|Rest for a couple of days once the plaster is applied to allow it to set completely.|
|Keep the plaster dry. Put a plastic bag over the plaster and seal with a rubber band when having a shower or bath.|
|Try to keep the plaster out of the rain.|
|Don’t stick objects down the plaster, as this will damage the skin.|
|Don’t cut or interfere with the cast.|
A broken bone is a common event. Given time and the right care, the bone is able to heal itself. A plaster cast is applied to hold the arm or leg fracture in place while the bone heals. Once the plaster has been applied, you are advised to see a doctor the next day to check that it is fitted correctly.
On average, plaster casts stay on for about six weeks. This time is sometimes longer or shorter, depending on your age, general health and type of fracture. During this time, x-rays are done to check that the bone is healing well. If there are problems with the type of fracture or the way in which the fracture is healing, you may be referred to an orthopaedic surgeon (bone doctor).
We, as a team, treat patients with a range of conditions, from fractures to congenital birth defects. Patients should contact the Plaster Room with any concerns regarding their injury/condition/cast/brace. If out of hours, please contact Accident and Emergency. We are available to offer advice to clinical staff as well as patients.
We promote a calm and relaxing atmosphere, encouraging family members to accompany relatives to hear important care advice and instructions “two pairs of ears are better than one”.
Our plaster theatre service provides limb and body casts to assist with the healing of broken bones. The plaster theatre works closely with the orthopaedic and trauma service and accident and emergency, and provides an orthotics service. Patients are referred to the service by a hospital consultant.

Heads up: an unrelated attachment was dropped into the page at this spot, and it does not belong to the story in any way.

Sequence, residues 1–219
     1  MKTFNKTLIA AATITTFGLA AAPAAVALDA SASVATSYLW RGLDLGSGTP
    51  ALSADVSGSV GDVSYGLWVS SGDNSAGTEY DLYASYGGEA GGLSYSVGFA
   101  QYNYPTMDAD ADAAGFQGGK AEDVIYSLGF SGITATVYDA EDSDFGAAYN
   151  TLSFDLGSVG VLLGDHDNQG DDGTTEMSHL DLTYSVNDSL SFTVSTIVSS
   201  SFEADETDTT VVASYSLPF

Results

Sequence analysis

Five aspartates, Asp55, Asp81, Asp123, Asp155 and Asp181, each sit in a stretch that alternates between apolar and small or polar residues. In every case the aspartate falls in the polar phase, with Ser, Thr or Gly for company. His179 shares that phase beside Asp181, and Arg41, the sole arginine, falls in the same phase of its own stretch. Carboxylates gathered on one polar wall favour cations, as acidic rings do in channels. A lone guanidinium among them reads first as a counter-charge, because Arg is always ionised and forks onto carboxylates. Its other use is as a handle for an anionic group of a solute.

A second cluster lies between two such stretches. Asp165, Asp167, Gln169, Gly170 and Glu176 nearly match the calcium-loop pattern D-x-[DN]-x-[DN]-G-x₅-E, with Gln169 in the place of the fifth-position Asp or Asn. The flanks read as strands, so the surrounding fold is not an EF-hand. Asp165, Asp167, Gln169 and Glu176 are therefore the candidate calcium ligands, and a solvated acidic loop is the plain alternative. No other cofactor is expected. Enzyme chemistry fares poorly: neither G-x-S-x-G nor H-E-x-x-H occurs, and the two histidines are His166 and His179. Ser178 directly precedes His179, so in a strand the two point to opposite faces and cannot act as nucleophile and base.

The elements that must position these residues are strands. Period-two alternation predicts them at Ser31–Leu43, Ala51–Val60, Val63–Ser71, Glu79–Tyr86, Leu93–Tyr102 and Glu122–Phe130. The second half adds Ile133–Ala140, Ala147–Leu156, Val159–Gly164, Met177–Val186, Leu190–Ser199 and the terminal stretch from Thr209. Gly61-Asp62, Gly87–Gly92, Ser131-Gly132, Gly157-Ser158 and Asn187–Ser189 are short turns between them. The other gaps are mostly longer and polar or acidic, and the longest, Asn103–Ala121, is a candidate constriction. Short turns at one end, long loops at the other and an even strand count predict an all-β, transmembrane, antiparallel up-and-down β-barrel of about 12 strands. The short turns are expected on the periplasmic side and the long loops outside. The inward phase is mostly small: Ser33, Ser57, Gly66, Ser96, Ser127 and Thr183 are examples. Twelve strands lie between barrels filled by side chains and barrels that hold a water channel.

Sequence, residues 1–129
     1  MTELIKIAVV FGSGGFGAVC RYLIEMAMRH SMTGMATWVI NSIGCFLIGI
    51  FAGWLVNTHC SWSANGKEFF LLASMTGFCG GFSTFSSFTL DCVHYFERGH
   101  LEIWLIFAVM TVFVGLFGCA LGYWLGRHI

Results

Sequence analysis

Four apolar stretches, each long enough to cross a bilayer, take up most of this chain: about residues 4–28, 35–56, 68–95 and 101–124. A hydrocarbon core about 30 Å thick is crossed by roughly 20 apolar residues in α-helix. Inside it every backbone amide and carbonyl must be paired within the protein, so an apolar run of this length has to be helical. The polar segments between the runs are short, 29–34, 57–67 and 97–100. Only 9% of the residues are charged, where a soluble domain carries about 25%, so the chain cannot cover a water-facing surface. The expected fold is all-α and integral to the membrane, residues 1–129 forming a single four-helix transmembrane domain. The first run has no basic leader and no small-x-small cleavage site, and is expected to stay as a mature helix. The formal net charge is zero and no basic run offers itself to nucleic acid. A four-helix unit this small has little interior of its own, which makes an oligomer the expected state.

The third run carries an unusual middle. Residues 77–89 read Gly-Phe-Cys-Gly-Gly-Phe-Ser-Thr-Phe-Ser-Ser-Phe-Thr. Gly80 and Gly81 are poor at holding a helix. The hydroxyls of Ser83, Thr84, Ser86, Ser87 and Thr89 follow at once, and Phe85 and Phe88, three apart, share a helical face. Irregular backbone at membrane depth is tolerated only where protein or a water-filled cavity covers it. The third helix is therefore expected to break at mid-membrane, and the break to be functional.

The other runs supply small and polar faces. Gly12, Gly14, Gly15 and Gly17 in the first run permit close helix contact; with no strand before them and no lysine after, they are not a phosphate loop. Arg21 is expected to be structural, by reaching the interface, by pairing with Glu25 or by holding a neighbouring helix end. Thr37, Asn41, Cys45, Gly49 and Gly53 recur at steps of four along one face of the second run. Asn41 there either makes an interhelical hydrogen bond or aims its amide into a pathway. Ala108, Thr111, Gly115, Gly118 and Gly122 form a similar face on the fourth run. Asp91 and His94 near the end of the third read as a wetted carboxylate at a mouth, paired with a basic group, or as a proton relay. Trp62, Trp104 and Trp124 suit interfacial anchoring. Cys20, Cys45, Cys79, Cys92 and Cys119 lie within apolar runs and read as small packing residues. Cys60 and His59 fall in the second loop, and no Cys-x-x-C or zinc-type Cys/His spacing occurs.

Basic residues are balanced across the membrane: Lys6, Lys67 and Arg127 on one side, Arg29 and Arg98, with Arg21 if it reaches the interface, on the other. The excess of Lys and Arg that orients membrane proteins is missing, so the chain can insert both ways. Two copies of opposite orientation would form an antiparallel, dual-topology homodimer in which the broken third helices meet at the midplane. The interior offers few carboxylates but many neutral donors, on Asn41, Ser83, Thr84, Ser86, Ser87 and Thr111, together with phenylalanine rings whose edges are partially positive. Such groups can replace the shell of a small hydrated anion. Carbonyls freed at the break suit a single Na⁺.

Plasters are normally made up of a bandage and a hard covering to hold broken bones in place and usually need to stay on for 4 to 12 weeks. It is important to look after the cast to ensure the best recovery.
• Exercise any joints that aren’t covered by the cast – such as your elbow, knee, fingers or toes – to help improve your circulation
• Avoid getting small objects, powders and sprays inside your cast, as they could irritate your skin
• Don’t try to alter the length or position of your cast
• Don’t lift anything heavy or drive until the cast has been removed
• Use crutches or a sling, as advised by your health professional
• Fractures can be painful. The pain can be extreme at the beginning but it will ease when the plaster is on and the fractured limb is supported and rested.
• The pain will settle even further over the next few weeks.
• Simple painkillers, such as paracetamol, are often needed. Check the packet for instructions.
• The plaster causes itchiness for a few days, but this should ease.
The plaster is important, as it keeps the fracture in an acceptable position. Suggestions from us include:
• Rest for a couple of days once the plaster is applied to allow it to set completely.
• Keep the plaster dry. Put a plastic bag over the plaster and seal with a rubber band when having a shower or bath.
• Try to keep the plaster out of the rain.
• Don’t stick objects down the plaster, as this will damage the skin.
• Don’t cut or interfere with the cast.
• Don’t walk on the plaster. It is better to use crutches instead.
• Don’t lift anything or drive until the fracture is healed.
• Follow all plaster care instructions given to you by medical staff.
Our aim is to provide our patients with best practice, high quality care and treatment that is comparable to the best in the world. We want to care for our patients in a safe environment and ensure that everyone has an outstanding experience.